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Thinking Big Means Going Global


David Andalcio’s entire business philosophy revolves around “thinking big.” Like many successful entrepreneurs, thinking about the big picture is a default strategy. He avoids instant gratification and instead makes decisions based on future successes. Andalcio started his company, Wynndalco Enterprises Inc., in 2009, offering computer systems support to Chicago Public Schools, primarily. Since then, the company has grown to support the school district in Dallas, it manages warehouses and inventory for CPS and PACE, and it provides engineering services to the public and private sector

Before he started his own company, Andalcio led the team that placed the first desktop computer in Chicago Public Schools more than 30 years ago. He has decades of experience in IT and business, including running communications, manufacturing and technology companies.

Already Wynndalco does business in seven states, three other countries and Puerto Rico. And, Andalcio expects to be serving European markets within the next couple years, expanding his reach across the globe. In 2014, Wynndalco reported $4 million in revenues.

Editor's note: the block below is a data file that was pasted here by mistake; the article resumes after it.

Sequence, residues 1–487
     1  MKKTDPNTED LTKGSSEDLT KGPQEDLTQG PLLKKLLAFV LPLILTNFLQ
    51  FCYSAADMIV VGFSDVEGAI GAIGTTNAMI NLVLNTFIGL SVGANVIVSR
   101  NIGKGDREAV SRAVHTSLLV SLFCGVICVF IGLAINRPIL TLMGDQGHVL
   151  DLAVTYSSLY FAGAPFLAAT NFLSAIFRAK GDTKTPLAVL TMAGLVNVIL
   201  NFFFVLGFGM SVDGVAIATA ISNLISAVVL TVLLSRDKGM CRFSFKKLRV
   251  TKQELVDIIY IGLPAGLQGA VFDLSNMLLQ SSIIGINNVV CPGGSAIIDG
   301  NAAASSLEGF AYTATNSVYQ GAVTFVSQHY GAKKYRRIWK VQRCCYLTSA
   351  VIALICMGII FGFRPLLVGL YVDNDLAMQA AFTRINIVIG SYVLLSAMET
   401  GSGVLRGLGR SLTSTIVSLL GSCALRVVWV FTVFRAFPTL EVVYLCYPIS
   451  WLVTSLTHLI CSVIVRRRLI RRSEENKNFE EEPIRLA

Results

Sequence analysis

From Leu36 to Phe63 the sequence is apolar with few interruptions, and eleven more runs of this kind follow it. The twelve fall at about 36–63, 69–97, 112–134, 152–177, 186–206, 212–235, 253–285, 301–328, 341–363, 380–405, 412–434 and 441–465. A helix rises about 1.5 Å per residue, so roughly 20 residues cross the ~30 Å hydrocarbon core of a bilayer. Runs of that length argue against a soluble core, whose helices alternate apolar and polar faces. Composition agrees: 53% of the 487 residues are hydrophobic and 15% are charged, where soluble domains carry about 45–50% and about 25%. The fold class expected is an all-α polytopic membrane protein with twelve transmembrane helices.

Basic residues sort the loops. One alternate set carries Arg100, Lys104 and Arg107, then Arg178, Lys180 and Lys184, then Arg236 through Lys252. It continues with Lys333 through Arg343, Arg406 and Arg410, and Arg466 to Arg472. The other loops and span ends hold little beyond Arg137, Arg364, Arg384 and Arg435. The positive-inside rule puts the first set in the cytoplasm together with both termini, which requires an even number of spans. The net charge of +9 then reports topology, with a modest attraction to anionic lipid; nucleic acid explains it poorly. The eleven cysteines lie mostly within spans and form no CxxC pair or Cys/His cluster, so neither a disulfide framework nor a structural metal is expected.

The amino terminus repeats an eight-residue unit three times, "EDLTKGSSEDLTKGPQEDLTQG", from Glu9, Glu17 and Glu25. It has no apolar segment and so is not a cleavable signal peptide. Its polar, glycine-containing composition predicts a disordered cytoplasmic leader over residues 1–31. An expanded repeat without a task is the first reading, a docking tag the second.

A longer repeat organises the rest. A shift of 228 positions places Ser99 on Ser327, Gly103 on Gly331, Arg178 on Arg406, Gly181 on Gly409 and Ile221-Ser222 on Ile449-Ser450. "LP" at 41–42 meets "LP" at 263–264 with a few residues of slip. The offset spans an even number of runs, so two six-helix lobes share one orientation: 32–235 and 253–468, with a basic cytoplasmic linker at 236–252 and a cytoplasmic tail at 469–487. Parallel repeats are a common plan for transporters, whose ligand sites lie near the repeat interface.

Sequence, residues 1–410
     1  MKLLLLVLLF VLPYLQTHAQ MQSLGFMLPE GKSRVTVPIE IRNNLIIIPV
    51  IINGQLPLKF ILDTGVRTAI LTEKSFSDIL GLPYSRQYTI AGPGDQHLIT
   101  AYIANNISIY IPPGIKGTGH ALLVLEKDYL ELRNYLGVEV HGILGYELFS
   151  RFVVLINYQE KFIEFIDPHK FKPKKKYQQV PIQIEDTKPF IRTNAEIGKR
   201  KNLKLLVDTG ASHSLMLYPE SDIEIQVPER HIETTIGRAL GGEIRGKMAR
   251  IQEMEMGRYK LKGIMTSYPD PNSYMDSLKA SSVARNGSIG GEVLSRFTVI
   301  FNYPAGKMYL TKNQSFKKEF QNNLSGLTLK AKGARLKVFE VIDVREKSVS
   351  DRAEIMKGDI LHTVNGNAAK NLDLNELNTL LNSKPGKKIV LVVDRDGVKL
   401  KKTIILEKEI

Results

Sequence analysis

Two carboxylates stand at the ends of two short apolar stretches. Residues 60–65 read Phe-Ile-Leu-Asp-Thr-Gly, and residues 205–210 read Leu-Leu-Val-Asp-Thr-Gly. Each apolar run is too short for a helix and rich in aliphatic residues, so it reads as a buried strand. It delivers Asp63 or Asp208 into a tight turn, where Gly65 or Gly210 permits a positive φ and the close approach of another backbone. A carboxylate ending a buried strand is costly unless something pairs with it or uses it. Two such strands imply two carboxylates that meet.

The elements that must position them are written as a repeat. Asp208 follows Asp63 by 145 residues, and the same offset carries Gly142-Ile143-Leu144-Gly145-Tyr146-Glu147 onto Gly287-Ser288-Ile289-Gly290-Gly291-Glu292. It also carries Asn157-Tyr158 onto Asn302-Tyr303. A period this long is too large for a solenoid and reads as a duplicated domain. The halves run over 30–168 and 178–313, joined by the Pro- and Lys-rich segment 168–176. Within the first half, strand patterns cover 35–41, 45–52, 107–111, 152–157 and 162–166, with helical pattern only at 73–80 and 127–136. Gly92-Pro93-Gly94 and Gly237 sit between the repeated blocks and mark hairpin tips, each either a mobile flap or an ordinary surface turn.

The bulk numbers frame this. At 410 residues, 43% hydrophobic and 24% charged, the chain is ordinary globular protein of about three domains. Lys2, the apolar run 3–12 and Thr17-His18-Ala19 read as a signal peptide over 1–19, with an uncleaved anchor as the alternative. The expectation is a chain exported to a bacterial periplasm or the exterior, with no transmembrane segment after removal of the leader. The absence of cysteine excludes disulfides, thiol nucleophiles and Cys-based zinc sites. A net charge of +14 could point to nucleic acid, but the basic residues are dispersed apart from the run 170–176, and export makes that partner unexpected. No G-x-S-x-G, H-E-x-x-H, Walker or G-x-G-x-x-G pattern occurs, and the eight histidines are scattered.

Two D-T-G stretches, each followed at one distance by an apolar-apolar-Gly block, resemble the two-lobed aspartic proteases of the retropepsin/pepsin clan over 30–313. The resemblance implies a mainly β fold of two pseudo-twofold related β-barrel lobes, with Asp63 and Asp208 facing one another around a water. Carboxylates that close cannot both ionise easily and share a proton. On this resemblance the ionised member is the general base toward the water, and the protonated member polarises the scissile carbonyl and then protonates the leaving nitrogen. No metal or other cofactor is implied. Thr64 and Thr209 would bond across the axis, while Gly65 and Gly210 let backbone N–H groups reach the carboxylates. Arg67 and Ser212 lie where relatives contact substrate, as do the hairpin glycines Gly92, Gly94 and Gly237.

Andalcio came to the United States from Trinidad. His business is registered as a minority business enterprise and a disadvantaged business enterprise, two categories of businesses Andalcio has come to champion in his civic advocacy. He has made it a personal mission to mentor other minority-owned firms and pass on the growth strategies that have made Wynndalco a success

“Together we aspire, together we achieve,” Andalcio likes to say.

Thinking big for Andalcio also means scaling up. If a vision works well in one city, why not duplicate it to work in another city? Looking ahead, Andalcio plans to break into Dubai, the Netherlands and other European markets, offering exceptional customer service and a blend of “old school” and “new school” strategies for doing business. If Facebook works for millennials, Wynndalco will use Facebook — in addition to the face-to-face service and support clients have always received, of course. Wynndalco’s future will include bringing its knowledge and expertise to new markets, forging partnerships with local businesses and helping them better serve customers around the world.

Andalcio hopes his work will also increase access for other minority-owned businesses vying for government contracts and shape policy toward economic development. For entrepreneurs coming up behind him, Andalcio has some advice: be nimble. “Too many small firms have tunnel vision,” Andalcio said. “Tunnel vision meaning they’ve got their blinders on and they’re just focusing on one area. You have to be flexible, you have to be agile and ready to move. That’s where small business in America has the advantage over large business. We are nimble, we are small, we can move.”

Growth, for Andalcio, is a long-term strategy to be shared with other firms. He expects strategic alliances and partnerships to create a place at the table for many minority-owned businesses.

“If we all participate, there’s room for all of us,” Andalcio said.